Death by Greenery Feb 13, 2017 3:07:50 GMT -5
Post by Joanna on Feb 13, 2017 3:07:50 GMT -5
Death by Greenery
In the photo above, daffodils and hemlock envelop a wooden “skeleton” as Cannibas sativa (marijuana) grows in a cage behind it at the Poison Garden – dedicated to plants that are fatal or narcotic – of Alnwick Castle in northeastern England.
In 2005, the Duchess of Northumberland added 100 killer plants to Alnwick Garden, which operates as a charity and attracts 600,000 visitors a year. The idea for a Poison Garden came from watching children lose interest during tours of the 14.8-acre site on the Duke’s estate. “Children love to hear about the gory side of the deaths of people who have eaten plants or been fed plants or injected themselves with plant material,” explains Trevor Jones, Alnwick’s head gardener. “That’s what captures the imagination of a child, and if you can do that, then hopefully you get them hooked on gardening.” Or maybe they’ll become writers of the macabre. Here’s what they might learn on a guided tour:
Henbane (Hyoscyamus niger) is generally considered a weed, but if ingested, its roots or leaves can cause hallucinations, delirium, vomiting, convulsions or coma. When it flowers, its scent is so powerful that “people will faint when they get to a certain point in the poison garden, so much so that we now have a bench there so people can recover,” Jones says. “It gives off a very pungent smell and some people are very susceptible to it and pass out.” Henbane was one of the ingredients used in flying ointments with which witches anointed their bodies.
Monkshood (Aconitum napellus) is a popular perennial commonly found in gardens. Every part of the plant can kill. In 2004, a young Canadian actor, Andre Noble, died after eating Monkshood while hiking in Newfoundland. He mistook it for an edible herb. In 2010, a London woman was found guilty of murdering her ex-lover by sprinkling crushed Monkshood seeds in a curry. “People are still using plants to poison one another,” Jones notes. It’s the murder weapon of choice for Hannah McKay, a character in the hit series Dexter. In the Midsomer Murders episode, “Garden of Death,” a woman dies a horrible death after being force-fed Monkshood in a salad.
Angel’s trumpet (Brugmansia suaveolens) is extremely poisonous, especially its pollen. When ingested or inhaled, it causes hallucinations, delirium and coma. But you go out with a smile. “It’s supposed to give you an aphrodisiac effect before you slip into a coma and eventually die,” Jones says. “Ladies of the night used to use this to great effect … They’d put the pollen of the flower into a drink. The client would drink and start to hallucinate, and then fall into a deep sleep and dream all sorts of wonderful dreams. The next morning he’d pay the money, thinking he had such a fantastic night, and yet he never actually touched the lady.”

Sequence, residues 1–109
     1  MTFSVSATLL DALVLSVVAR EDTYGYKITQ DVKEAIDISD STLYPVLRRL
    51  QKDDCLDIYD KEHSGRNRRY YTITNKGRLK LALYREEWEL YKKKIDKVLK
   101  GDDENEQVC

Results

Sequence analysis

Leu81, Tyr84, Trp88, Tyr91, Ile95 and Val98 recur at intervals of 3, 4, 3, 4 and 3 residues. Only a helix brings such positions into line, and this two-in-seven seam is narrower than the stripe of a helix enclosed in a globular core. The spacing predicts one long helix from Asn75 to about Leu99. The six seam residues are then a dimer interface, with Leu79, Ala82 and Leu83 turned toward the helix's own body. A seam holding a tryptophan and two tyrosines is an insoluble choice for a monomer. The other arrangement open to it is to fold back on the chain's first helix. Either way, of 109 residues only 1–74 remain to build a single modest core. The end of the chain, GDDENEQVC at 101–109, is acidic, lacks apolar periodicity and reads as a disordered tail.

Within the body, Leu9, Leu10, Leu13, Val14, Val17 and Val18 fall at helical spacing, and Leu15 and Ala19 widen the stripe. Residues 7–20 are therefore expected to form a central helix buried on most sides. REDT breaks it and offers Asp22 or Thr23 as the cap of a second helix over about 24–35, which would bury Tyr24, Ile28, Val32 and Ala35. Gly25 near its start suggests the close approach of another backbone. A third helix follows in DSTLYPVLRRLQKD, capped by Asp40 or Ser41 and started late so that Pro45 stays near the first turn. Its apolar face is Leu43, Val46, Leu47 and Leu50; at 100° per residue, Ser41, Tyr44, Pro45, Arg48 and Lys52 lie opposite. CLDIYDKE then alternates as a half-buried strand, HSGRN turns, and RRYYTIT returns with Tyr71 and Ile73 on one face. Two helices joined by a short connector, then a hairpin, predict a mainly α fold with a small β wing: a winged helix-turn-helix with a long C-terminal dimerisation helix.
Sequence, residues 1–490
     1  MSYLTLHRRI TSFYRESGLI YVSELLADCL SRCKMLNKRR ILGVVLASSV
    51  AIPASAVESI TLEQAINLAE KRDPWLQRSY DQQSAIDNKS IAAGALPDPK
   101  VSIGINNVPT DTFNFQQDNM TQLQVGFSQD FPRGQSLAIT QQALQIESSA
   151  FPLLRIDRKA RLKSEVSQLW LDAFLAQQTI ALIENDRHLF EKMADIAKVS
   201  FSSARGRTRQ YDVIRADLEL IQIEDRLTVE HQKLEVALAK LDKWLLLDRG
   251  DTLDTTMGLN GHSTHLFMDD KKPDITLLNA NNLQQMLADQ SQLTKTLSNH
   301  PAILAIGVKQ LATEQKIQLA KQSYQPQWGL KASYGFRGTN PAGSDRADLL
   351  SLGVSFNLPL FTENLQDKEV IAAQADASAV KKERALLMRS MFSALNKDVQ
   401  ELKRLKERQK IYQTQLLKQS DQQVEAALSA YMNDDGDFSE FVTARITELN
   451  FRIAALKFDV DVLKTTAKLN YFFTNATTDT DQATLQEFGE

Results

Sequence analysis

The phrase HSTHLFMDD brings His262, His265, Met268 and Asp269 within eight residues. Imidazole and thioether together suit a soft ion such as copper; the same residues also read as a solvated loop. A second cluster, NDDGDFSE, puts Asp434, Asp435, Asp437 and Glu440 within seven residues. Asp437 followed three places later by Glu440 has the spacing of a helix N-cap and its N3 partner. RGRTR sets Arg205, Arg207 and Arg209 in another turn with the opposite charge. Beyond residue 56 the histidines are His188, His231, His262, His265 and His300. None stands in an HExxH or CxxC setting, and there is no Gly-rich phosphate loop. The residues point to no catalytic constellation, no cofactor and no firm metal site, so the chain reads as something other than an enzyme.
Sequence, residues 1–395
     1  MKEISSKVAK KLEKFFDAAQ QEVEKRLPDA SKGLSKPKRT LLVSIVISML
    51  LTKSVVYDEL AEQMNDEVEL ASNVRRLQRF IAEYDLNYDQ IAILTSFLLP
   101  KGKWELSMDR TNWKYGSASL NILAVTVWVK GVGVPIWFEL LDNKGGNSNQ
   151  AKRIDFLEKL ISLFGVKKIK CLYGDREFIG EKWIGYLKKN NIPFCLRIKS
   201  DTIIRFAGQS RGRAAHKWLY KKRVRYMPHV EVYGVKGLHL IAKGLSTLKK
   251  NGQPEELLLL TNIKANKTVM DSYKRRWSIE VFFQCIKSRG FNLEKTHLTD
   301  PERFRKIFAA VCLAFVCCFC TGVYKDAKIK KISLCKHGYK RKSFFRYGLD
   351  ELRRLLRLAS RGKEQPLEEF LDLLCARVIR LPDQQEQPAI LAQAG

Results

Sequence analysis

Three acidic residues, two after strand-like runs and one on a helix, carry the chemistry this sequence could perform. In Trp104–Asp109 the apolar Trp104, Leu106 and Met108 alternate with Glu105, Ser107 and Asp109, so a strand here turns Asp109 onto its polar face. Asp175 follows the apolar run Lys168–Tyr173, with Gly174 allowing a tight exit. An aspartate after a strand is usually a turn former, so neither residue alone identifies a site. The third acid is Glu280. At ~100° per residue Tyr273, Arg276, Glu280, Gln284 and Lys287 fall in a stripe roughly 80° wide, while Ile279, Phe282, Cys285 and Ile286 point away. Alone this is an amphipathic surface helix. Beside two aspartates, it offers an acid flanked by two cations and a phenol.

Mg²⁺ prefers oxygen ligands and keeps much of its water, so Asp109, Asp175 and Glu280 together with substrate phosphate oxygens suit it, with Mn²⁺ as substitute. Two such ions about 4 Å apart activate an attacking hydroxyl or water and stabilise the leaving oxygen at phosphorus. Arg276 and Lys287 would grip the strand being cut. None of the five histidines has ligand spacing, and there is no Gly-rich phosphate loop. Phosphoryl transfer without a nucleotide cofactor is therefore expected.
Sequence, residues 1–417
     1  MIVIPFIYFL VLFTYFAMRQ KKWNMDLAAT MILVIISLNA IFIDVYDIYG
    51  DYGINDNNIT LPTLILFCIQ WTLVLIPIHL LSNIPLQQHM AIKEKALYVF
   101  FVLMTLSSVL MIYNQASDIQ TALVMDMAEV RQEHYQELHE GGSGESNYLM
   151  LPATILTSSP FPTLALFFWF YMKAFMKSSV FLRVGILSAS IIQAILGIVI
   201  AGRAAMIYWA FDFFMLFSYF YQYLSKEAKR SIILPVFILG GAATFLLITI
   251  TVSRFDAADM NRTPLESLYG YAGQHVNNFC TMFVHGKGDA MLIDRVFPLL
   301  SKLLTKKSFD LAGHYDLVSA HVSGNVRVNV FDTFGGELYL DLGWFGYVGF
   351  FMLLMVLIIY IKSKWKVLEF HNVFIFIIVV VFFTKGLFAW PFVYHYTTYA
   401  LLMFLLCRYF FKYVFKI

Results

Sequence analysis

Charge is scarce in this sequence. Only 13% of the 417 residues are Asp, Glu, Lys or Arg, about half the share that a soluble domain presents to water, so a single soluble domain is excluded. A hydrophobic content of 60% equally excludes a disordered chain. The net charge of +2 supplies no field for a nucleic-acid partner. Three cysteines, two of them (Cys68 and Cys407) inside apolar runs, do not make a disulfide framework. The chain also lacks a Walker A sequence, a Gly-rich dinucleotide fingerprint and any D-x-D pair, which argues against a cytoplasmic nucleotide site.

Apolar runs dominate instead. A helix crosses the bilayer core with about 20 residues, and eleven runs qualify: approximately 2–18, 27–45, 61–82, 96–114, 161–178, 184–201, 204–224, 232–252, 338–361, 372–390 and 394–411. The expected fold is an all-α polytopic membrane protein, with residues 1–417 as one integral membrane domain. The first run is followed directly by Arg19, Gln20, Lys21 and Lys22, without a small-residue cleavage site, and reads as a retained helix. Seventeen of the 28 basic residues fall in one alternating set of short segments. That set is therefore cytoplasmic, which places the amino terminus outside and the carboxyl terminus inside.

Deadly nightshade (Atropa belladonna) grows around hedgerows and is considered a weed. The entire plant is toxic, though its shiny grape-like berries appear especially tempting. Three berries are enough to kill a child, Jones says. The Italian meaning of its scientific name – beautiful lady – is a reference to Venetian women who once used drops of the berry juice to dilate their pupils, believing it made them more attractive. But one drop too many and they’d go blind. A former warden of the Poison Garden, John Robertson, writes: “In September 2012, a German monk on a camping trip, ate some deadly nightshade berries after mistaking them for an edible fruit. He was discovered wandering naked by a hiker and rejected all attempts at assistance.” Deadly nightshade is another ingredient in legendary flying ointments.
Castor plant (Ricinus communis) is a common garden plant and its seed is used to make the laxative castor oil. But from the husk of the seed, deadly ricin powder can be produced. In 1978, Bulgarian dissident Georgi Markov was killed when an agent suspected to be working for the KGB injected him with a ricin-laced pellet. Some believe the pellet was injected from an umbrella tip while Markov waited at a bus stop. “People get very frightened when they hear ricin. They think mass murder,” Jones says. But it’s a poor terrorist weapon because to kill, “it would have to be injected or forced into your body.”
Opium poppy (Papaver somniferum) is harmless, but morphine and heroin distilled from the sap of the seed head capsule can kill. Morphine was the preferred weapon of British family doctor and serial killer Harold Shipman.
Source: Sandro Contenta, The Toronto Star, February 12, 2017.
See also "The Murderous Mandrake": whatliesbeyond.boards.net/thread/1882/murderous-mandrake
"Medicinal Uses of Belladonna": whatliesbeyond.boards.net/thread/254/belladonna-medicinal-uses
"Ancient Art of Poisoning Making Comeback": whatliesbeyond.boards.net/thread/3772/ancient-art-poisoning-comeback